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Connecting Coursework to Life, Putting Faces to Books and Ideas

The daughter of two DuPont engineers, Lindsay Romano grew up in Wilmington and attended the University of Delaware. Graduating with a major in international relations and a double minor in Spanish and Latin American studies, she came to New York as a Teach for America corps member at Democracy Prep in Harlem. She taught the school’s special-education students, assisted in algebra and civics classes, served as a college advisor, and provided special help to immigrant children learning English.

To earn her master’s, Romano enrolled at the Hunter School of Education, an official partner of TFA. She graduated last year with the Mary M. Solomon Award for Outstanding Achievement – achievement she credits largely to guidance from faculty like Virginia Gryta (MSEd’10), who took great care in evaluating Romano’s lesson plans and “made me a better teacher in general.” In applying for the Fulbright, Romano says, she received invaluable support from Myrna Fader, Hunter’s longtime grant and scholarship advisor, and  Diana Conchado, an associate professor of Spanish.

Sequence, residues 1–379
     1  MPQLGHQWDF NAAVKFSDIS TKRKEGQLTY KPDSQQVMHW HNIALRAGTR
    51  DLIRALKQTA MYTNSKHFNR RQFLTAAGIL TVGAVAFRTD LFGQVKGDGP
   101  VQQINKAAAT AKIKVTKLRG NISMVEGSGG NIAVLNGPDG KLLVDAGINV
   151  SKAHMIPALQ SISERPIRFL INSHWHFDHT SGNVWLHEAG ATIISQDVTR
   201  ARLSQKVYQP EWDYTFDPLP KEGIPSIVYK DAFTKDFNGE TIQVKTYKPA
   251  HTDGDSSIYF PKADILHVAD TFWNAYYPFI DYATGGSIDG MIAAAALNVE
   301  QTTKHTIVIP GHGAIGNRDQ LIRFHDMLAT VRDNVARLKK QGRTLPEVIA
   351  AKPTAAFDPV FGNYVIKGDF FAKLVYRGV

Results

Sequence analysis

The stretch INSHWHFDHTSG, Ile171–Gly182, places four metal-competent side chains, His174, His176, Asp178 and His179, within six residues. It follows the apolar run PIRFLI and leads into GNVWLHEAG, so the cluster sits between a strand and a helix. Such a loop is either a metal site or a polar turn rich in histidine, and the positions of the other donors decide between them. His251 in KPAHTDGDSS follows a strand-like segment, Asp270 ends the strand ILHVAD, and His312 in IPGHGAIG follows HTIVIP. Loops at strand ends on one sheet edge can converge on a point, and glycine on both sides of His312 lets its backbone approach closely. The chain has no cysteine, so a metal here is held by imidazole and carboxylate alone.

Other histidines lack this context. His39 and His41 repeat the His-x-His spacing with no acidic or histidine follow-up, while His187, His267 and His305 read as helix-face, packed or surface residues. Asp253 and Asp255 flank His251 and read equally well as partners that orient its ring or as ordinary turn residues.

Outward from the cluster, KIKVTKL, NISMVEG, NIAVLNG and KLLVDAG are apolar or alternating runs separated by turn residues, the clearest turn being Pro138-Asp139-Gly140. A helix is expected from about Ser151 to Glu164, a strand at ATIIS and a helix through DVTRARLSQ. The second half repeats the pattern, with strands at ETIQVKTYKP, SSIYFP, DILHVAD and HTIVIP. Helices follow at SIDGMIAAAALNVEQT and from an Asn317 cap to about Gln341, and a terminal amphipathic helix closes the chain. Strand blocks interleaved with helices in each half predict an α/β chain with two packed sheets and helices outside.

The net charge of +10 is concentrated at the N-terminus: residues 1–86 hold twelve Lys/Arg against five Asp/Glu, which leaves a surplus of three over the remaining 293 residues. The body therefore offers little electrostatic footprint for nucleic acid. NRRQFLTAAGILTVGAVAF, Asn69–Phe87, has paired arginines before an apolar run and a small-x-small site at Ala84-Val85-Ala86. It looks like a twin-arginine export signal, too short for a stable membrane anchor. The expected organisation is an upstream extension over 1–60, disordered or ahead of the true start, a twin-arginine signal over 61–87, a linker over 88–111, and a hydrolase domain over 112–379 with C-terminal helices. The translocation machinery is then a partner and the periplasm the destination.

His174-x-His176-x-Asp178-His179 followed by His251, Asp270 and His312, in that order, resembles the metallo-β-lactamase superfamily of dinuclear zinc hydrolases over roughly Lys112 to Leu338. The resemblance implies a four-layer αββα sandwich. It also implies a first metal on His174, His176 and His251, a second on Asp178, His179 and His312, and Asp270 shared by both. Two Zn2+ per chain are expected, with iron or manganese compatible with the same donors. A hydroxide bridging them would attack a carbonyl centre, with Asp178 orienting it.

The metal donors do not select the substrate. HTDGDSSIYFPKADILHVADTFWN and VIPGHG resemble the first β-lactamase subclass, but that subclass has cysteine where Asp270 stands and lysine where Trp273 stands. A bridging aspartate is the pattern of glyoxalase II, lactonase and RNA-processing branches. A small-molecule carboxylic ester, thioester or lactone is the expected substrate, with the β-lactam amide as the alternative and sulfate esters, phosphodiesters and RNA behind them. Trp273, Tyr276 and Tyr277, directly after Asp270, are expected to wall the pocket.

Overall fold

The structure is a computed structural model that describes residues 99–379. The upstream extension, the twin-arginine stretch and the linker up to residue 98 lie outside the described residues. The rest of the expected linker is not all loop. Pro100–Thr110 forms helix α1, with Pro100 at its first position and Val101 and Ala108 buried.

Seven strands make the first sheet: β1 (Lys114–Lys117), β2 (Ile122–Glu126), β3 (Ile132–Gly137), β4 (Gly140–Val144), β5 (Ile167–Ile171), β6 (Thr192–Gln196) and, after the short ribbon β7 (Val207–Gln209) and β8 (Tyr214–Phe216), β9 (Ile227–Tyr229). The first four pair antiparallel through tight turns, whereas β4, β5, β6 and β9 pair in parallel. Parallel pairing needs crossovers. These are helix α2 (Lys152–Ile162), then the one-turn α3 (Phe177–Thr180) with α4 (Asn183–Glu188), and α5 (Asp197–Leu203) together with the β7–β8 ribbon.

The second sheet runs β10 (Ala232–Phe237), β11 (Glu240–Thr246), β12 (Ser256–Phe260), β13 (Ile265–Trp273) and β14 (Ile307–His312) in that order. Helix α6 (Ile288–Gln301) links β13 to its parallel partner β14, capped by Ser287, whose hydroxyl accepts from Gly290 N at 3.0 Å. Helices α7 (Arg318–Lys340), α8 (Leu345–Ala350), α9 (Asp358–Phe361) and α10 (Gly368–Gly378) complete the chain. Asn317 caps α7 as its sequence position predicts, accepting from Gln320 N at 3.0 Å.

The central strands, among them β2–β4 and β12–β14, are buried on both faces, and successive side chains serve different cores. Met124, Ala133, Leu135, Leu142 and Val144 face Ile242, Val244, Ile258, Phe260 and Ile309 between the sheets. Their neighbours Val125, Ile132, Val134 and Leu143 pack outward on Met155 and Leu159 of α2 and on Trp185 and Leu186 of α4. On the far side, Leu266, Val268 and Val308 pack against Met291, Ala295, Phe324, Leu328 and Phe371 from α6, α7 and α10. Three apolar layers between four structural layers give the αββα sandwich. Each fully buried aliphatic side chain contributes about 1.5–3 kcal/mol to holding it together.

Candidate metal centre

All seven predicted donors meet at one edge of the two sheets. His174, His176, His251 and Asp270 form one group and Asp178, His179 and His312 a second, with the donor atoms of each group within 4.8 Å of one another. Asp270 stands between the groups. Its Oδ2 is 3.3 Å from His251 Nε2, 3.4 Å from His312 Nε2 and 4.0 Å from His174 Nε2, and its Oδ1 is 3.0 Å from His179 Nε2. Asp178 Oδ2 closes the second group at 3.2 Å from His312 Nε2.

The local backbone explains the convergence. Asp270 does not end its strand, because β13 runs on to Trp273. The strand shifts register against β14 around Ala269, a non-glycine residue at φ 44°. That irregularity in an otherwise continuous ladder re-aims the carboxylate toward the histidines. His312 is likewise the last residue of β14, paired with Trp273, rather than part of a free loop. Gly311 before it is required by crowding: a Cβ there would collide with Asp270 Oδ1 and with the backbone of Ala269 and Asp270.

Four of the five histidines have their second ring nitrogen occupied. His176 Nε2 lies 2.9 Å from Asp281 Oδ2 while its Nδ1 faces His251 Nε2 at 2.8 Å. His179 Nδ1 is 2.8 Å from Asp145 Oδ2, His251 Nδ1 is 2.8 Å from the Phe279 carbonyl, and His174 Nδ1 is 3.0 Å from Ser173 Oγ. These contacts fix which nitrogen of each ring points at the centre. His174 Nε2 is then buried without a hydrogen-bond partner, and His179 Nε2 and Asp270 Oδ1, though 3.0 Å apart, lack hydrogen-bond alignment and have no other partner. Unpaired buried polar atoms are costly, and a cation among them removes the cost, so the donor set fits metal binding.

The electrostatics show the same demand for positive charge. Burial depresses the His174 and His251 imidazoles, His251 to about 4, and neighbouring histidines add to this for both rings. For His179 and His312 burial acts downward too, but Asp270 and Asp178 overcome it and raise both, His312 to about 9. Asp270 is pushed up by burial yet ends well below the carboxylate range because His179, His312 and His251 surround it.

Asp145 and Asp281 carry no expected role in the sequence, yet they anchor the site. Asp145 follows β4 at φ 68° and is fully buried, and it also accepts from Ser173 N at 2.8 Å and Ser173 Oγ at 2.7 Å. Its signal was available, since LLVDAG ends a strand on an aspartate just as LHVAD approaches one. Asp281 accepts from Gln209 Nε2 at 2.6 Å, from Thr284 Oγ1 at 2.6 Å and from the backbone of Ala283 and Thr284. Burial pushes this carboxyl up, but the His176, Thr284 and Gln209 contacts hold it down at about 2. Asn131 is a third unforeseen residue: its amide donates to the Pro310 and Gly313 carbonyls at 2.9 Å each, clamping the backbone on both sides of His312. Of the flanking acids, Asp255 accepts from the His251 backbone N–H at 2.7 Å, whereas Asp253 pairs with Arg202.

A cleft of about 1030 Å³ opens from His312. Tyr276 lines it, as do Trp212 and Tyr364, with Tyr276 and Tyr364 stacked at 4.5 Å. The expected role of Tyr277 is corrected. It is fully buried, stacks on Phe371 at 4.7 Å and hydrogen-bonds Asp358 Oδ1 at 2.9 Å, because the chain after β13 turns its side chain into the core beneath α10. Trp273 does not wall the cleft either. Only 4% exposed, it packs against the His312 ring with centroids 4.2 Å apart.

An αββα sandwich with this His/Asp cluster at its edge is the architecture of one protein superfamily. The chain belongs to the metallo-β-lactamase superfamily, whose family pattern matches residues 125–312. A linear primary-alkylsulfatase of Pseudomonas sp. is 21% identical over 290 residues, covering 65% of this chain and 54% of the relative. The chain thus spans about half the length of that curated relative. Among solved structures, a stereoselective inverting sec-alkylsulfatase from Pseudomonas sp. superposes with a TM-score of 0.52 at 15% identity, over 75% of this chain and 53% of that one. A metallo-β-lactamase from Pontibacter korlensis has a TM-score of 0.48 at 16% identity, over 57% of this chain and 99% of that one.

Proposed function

During her year in Bogotá, Romano will teach at Universidad Antonio Narino (named after a leader in Colombia’s early 19th-century fight for independence from Spain). She has already taken several classes in Colombian history and literature, and says she looks forward to “bringing life to my coursework on Colombian culture, and seeing how the people have been shaped by all they’ve been through.” She adds, “I want to just meet, talk to and get to know people. I’ve never lived abroad for a year, and I want to put more faces to the books I’ve been reading, the ideas I’ve been forming.”

When she returns to New York, Romano will continue to teach young English-language learners and eventually build a career in educational policy or administration. “I’m passionate about improving the ways we serve these students,” she says. “We need to serve each child individually, with a curriculum that is not ‘one size fits all’ and a more creative approach to making the learning environment welcoming and accessible.”

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